Close this search box.

Judge Hearing Conservatorship Matters Is “Ultimate” Authority

Print Article


After incurring the emotional and financial cost of securing a guardianship and conservatorship, family members usually believe that they have been given authority to make all personal and financial decisions for their incapacitated loved one. Though nearly true, that is not quite the case—as Randy Bardwell found out, the judge viewed himself as the “ultimate guardian.” Though the guardian and conservator may have legal authority, the court can review any and all decisions made for the ward.

Mr. Bardwell had been appointed “conservator of the person and estate” (what in Arizona would be called “guardian and conservator”) of his aunt Mary Caroline Lambert Bardwell. He was also acting as trustee of her revocable living trust, which contained much but not all of her $1.8 million in assets. In the first months after his appointment he asked the court’s permission to make $50,000 in gifts to himself, his children and other family members, to enter into a timber management contract for some of her real estate holdings, and to pay himself $27,000 in fees for handling his aunt’s estate. While the court declined to authorize the gifts, it did approve the timber management contract and Mr. Bardwell’s fees.

It turned out, however, that there were several problems with Mr. Bardwell’s behavior as conservator. In addition to the $27,000 in fees, he paid himself nearly $20,000 more. Ms. Bardwell had always been (and remained) opposed to sale of any timber on her land, and Mr. Bardwell had simply ignored her opinion. And he had not posted the conservator’s bond as he had been ordered, and had not provided proper documentation at the time the first fees had been approved. At an early hearing on whether Mr. Bardwell should have been removed, the trial judge said “I made some mistakes by authorizing a fee that I did not have sufficient information on, and … I wish I hadn’t done that.” Ultimately the judge ordered Mr. Bardwell to return all but $4,385.55 of his fees, removed him as conservator, set aside the timber contract and appointed a new conservator.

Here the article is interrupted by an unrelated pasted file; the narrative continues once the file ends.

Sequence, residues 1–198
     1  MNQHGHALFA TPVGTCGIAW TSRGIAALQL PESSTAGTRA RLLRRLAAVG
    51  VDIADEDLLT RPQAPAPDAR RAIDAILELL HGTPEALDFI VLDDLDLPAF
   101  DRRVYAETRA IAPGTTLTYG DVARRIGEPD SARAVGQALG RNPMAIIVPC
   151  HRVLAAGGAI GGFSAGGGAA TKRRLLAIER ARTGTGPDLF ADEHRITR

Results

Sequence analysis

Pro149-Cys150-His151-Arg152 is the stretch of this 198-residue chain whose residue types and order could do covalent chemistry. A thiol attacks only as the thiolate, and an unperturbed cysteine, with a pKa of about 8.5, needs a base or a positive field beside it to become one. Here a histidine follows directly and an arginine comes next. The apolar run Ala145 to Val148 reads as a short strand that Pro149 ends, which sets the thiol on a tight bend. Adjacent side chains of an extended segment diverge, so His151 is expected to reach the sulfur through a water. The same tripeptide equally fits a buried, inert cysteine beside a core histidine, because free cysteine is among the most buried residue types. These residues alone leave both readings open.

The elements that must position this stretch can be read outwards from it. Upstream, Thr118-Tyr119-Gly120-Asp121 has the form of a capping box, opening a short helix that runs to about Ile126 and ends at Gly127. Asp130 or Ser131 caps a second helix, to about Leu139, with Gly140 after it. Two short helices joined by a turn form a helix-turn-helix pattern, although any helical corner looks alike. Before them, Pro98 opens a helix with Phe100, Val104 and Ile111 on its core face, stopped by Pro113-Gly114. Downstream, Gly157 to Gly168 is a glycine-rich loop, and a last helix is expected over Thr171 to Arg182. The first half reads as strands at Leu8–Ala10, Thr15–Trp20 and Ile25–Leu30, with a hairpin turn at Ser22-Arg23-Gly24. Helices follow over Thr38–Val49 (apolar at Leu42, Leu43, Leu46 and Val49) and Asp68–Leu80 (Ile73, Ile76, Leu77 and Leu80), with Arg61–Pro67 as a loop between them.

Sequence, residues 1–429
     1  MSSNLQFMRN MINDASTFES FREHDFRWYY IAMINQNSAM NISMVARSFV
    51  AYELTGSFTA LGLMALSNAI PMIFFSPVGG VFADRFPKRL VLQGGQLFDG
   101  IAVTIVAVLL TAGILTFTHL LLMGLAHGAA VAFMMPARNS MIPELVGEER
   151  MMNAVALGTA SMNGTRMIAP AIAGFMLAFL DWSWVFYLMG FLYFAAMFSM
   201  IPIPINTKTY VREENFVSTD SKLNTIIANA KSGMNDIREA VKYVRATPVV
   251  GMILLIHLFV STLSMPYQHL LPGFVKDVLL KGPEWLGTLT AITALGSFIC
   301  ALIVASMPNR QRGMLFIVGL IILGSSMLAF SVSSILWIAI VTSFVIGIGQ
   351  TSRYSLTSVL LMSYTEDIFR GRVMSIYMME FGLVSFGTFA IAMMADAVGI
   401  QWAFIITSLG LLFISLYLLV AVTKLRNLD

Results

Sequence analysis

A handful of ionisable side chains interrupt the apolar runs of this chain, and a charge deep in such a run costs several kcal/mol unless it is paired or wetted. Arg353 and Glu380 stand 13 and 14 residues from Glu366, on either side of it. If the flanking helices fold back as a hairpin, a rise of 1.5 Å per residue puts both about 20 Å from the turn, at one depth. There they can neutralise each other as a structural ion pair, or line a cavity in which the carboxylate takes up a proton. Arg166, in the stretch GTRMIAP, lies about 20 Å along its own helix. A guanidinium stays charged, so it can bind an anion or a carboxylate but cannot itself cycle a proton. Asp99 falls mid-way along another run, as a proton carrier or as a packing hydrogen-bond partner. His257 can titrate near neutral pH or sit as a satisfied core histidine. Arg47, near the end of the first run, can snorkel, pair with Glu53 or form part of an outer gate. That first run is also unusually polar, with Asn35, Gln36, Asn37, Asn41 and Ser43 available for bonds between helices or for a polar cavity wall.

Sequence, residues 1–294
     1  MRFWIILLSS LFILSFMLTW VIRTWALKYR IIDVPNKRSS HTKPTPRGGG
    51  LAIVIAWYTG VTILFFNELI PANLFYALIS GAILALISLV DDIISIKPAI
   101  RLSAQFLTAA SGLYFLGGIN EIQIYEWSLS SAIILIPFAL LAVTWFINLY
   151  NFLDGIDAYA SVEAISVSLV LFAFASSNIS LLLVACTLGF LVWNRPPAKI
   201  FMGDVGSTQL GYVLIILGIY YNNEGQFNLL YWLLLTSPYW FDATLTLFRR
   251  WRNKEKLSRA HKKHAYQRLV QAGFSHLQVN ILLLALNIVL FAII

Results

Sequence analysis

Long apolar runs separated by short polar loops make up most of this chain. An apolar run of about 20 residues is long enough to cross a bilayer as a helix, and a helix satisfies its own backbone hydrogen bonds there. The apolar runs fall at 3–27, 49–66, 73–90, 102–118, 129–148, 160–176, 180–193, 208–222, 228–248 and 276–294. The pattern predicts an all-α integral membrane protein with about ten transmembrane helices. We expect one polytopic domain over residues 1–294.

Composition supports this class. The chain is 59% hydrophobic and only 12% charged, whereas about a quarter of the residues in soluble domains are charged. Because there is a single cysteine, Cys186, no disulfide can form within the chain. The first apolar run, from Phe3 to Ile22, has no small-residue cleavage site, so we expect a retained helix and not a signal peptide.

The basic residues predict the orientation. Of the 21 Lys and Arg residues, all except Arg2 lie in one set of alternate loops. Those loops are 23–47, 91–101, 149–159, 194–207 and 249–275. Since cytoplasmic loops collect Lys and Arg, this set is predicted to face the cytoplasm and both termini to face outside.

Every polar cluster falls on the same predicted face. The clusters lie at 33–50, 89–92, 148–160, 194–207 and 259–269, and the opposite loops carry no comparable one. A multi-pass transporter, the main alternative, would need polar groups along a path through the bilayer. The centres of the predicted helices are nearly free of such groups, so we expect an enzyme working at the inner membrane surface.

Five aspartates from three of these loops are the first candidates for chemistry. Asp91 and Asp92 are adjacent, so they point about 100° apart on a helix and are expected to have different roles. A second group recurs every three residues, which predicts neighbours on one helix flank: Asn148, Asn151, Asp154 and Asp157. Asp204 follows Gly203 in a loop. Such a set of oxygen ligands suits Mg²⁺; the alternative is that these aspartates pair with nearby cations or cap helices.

Although Mr. Bardwell insisted that the judge had shown prejudice against him by observing that he should not have approved the fee, the Mississippi Supreme Court upheld both the judge’s refusal to step aside and his final rulings in the case. Noting that the judge was the “ultimate guardian,” the high court commended the judge for being “astutely aware” of his duty to correct misbehavior by Mr. Bardwell. Conservatorship of Bardwell v. Bardwell, July 17, 2003.

Stay up to date

Subscribe to our Newsletter to get our takes on some of the situations families, seniors, and individuals with disabilities find themselves in. These posts help guide you in the decision making process and point out helpful tips and nuances to take advantage of. Enter your email below to have our entries sent directly to your inbox!

Robert B. Fleming